California Name Origin: Why Was California Named After A Black Queen?

The starry glamor of Hollywood, the surfer and hippie vibes of Los Angeles, the beaches, the Mexican food, or just the overall kindness of the people: California is one of the most vibrant and well-known states in the United States.

The actual inhabitants of California might even argue that the state can be divided into two separate states, one representing the North and one representing the South. Yet, all of the states are referred to with just that one name: California. But what exactly does the name California mean, and what does it mean to be Californian?

California Name Origin: Spanish Explores and Las Sergas de Esplandián

In the 16th century, way before the United States became an actual country, a group of Spanish explorers started searching for an island called California described by a Spanish writer in a book called Las Sergas de Esplandián.

READ MORE: How Old Is the United States of America

The book was written by a man named Garcia Ordonez de Montalvo, a critically acclaimed writer at the time. It describes a mythical island paradise populated only by black warrior women, east of the Indies, and close to the garden of Eden.

The Spanish explorers did indeed find an unexplored area and believed it to be an island. They believed it to be the mythical island as described by Montalvo.

Little did the explorers know that it wasn’t the exact island they were looking for, or even an island altogether. This didn’t stop them, however, from naming the place after the island described in Montalvo’s novel.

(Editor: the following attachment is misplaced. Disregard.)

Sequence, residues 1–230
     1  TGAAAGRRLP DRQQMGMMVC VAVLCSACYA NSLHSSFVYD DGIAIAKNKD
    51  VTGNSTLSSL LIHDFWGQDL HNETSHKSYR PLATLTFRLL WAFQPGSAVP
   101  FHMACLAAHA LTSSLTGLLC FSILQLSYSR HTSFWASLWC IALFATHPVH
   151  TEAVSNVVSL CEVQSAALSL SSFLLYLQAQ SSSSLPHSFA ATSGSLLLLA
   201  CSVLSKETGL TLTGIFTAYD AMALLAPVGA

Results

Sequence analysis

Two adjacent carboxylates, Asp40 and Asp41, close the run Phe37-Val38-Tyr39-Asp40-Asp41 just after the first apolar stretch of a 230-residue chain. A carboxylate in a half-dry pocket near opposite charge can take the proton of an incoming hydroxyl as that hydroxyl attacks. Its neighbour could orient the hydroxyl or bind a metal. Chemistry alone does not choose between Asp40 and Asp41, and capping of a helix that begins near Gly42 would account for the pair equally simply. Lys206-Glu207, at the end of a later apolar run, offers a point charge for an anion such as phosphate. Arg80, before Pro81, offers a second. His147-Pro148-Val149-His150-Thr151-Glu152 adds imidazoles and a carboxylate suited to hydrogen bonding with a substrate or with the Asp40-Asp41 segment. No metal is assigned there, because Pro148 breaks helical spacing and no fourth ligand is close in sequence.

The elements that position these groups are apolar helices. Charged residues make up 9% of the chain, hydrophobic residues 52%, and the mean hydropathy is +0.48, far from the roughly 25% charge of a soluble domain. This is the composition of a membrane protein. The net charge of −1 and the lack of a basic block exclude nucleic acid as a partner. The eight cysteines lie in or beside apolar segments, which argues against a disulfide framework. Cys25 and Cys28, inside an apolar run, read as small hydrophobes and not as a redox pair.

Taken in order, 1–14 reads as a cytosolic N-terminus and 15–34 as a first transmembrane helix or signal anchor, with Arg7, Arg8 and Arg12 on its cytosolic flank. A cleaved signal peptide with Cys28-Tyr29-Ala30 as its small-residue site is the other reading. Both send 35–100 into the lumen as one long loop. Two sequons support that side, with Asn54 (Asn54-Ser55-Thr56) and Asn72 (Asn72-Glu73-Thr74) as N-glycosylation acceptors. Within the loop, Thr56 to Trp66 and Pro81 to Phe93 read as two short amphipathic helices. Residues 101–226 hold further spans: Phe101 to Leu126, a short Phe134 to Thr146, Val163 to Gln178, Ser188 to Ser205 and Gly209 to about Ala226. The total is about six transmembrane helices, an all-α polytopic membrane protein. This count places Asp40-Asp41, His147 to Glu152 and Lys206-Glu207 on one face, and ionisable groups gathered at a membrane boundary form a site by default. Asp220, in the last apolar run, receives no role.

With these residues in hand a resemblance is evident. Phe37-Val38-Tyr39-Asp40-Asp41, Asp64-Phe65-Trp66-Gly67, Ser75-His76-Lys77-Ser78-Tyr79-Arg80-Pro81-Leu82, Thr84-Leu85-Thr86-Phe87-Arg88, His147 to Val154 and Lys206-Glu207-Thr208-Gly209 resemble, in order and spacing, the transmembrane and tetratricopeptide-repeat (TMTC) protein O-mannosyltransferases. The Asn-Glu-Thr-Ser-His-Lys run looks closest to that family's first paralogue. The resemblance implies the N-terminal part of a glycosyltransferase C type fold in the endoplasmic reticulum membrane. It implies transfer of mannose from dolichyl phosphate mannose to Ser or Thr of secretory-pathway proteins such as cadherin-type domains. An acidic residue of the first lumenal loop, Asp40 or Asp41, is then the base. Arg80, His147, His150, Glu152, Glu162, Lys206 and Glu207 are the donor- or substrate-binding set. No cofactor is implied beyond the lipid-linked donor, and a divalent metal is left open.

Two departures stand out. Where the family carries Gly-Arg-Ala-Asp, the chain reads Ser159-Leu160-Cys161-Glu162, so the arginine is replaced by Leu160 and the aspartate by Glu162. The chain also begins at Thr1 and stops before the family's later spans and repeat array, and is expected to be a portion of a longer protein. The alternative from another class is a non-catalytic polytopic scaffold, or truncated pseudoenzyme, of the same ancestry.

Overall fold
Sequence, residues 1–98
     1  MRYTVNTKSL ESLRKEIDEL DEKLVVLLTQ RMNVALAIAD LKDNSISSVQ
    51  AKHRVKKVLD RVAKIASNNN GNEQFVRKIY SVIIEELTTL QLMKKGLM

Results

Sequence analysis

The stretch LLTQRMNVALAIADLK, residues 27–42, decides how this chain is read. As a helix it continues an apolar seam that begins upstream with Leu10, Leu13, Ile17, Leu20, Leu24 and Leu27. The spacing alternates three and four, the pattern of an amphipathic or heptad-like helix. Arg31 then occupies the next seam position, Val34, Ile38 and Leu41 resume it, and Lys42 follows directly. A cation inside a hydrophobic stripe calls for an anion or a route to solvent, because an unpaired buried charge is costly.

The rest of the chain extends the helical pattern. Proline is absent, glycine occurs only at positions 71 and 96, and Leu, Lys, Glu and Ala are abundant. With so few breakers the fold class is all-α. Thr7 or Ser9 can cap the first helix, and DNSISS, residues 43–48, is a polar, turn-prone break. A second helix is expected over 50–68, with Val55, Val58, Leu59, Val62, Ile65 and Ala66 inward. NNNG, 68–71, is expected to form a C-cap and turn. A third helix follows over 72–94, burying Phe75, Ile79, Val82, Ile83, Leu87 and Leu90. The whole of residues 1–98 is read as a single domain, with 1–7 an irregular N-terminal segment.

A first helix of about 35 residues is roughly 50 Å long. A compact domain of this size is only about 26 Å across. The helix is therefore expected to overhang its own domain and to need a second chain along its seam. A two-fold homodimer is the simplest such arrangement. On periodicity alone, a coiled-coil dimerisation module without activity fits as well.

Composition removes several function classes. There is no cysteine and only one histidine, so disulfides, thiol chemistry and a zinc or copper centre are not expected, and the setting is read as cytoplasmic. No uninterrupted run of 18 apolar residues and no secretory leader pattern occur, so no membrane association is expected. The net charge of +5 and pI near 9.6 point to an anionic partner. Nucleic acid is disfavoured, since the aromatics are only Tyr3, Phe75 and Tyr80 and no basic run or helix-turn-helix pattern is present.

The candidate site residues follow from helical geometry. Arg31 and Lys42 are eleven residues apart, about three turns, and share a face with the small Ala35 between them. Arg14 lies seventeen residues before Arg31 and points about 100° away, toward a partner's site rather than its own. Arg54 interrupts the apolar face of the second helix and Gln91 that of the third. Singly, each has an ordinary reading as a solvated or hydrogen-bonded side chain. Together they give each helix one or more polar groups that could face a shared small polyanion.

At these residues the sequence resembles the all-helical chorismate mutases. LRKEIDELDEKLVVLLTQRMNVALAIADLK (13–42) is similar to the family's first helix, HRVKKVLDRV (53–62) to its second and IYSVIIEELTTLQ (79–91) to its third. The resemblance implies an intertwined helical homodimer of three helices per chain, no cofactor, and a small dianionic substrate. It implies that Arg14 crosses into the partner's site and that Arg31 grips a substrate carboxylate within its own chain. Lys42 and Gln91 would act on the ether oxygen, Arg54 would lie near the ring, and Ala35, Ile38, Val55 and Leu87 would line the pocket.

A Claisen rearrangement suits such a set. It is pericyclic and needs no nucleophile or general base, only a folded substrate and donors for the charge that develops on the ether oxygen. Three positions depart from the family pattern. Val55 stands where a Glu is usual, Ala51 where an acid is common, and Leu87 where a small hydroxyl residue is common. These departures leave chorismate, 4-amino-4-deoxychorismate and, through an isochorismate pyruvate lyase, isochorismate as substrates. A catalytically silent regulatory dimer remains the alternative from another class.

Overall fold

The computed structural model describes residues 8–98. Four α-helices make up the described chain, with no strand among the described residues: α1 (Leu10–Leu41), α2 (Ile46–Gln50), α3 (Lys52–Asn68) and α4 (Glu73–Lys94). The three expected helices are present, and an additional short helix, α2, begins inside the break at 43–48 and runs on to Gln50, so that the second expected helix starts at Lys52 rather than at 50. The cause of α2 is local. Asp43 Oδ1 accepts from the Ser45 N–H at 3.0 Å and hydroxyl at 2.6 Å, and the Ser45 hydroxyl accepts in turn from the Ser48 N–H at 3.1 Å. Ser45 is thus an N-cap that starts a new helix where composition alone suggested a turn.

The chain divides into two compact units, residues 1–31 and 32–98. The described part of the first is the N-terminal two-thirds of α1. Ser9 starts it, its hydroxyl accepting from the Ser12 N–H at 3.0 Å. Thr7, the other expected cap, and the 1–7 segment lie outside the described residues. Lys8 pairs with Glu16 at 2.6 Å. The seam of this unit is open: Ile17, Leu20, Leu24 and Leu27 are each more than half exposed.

Today, we know that the Spanish conquistadors did discover a terrestrial paradise on the Pacific coast. However, it was the area that we know today as the Baja California Peninsula, or the Baja Peninsula of California.

Spanish conquistadors

Etymology of the Name California

Wait, etymology? Yes, referring to the exact meaning of the name. That doesn’t mean that it’s so straightforward. It’s a guessing game, really, and only the writer himself would be able to tell where the name comes from.

The term California is often related to the term calif: a Spanish word for a leader of an Islamic community. It is derived from the Arabic word khalifa, which means leader. Khalifa or calif, thus, refers to a leader. To make the word specifically feminine, it would be spelled calafia: the name of our queen.

However, other historians also relate the term to some French and Greek words. But, these theories are way more contested than the Spanish and Arabic background of the word.

Lost and Found: How California’s Name Origin Was Rediscovered

The name got adopted widely, but the origin of the name and Montalvo’s story got lost over time. However, in 1864, a writer and researcher named Edward Everett Hale published one of his discoveries after reading the book of Montalvo. Hale wrote in a magazine named the Atlantic monthly: 

 Throng down to the wharves to see the Golden Era or the Carnelius’s Coffin, or whatever other mail-steamer may bring these words to your longing eyes. […] Rush upon the newsboy who then brings forth the bale of this Journal for the Multitude, to find that the Queen of California of whom we write is no modern queen, but that she reigned some five hundred and fifty-five years ago.

We might say a lot of things about his writing style, but we can’t say that he doesn’t have a sense of the sensation.

The discovery by Hale has been widely contested over time. However, it kept its ground, and today the origin of the name California is almost exclusively related to the discovery of Hale.

Queen Califia and an Island Called California

So, the Spaniards wanted to find the island of California as described in Las Sergas de Esplandián. But why, exactly?

Well, all the credit must be given to the writer of the book, Montalvo. He described the island so vividly that the Spaniards felt the urge to go on a voyage and search for the earthly paradise.